Nintendo, Sony and Microsoft – the world’s biggest console makers – aim to implement new measures for loot boxes sometime in 2020.
Game publishers will be required to reveal the odds of receiving types of in-game items from loot boxes as part of a new commitment by the world’s biggest console firms.
Sony, Microsoft and Nintendo are hoping to put the measures into action in 2020, American video game trade body Entertainment Software Association (ESA) announced.
What are loot boxes?
Loot boxes are packs of in-game objects players can buy using real money, but the contents of a pack are randomised and not known until after purchase, which has led to fears that it could act as a gateway to gambling for young people.
The new disclosures will also apply to any game updates should loot boxes become a feature added in the future.
The ESA said several major publishers among its members are already being open about rarity or probability of obtaining in-game virtual items from purchased loot boxes, while others have agreed to follow suit “no later than the end of 2020”.
“The disclosure will apply to all new games and updates to games that add such in-game purchases and will be presented in a manner that is understandable and easily accessed,” the ESA said.
Loot boxes have been criticised for potential harmful effects related to gambling and addiction, particularly for young gamers, and politicians and lawmakers have been weighing up this debate for some time now.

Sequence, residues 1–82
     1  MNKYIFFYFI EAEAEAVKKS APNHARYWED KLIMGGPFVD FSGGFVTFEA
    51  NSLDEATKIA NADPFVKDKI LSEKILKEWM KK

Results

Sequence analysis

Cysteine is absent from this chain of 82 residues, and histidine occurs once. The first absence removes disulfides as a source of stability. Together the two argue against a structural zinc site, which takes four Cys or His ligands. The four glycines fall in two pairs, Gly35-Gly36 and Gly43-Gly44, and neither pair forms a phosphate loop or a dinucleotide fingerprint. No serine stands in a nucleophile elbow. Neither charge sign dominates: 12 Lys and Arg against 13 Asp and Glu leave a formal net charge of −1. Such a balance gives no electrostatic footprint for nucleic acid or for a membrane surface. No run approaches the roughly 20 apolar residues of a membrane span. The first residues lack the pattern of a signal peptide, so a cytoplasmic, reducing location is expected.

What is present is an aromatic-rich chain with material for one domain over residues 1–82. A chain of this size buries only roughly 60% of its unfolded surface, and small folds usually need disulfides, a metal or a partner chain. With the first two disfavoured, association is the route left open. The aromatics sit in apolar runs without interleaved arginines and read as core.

This summer, US Senator Josh Hawley proposed legislation that would prohibit loot boxes, pay-to-win mechanics and other “manipulative design” elements in games targeting children.
In Europe, loot boxes have been declared a form of gambling (and, therefore, are illegal) in both Belgium and the Netherlands. The French gambling authority, following their own study into loot boxes in early 2018, stopped short of labelling them as gambling due to their perceived lack of real-life value of the items. In Ireland, the situation is still unclear.
In the UK, a group of MPs have been assessing the possible impact of loot boxes in a bid to understand whether they may be addictive in nature. The Gambling Commission recently told the Digital, Culture, Media and Sport Committee that it does not believe loot boxes are covered by its remit but it shares the concerns around them.
“The very fact that there is expenditure, a chance-based mechanic, children playing the game, we appreciate that that poses significant concerns,” Gambling Commission programme director Brad Enright said last month. Former digital minister Margot James previously suggested there is not enough evidence available to suggest that loot boxes in video games constitute gambling.
Sony and Nintendo respond
Following the ESA’s announcement, Nintendo told Eurogamer: “Nintendo will require disclosure of drop rates in Nintendo Switch games that offer randomised virtual items for purchase, such as loot boxes. This requirement will apply to all new games and includes updates to current games that add loot boxes through in-game purchases.”
Nintendo also reminded users of the parental controls available for the Switch console, which allows guardians to manage in-game purchases and set time limits for use.
A statement from Sony said: “We support industry efforts to disclose the probability of obtaining randomised virtual items, known as loot boxes, and are committed to providing consumers with this information for all games we produce and publish.”
– PA Media, with additional reporting from Elaine Burke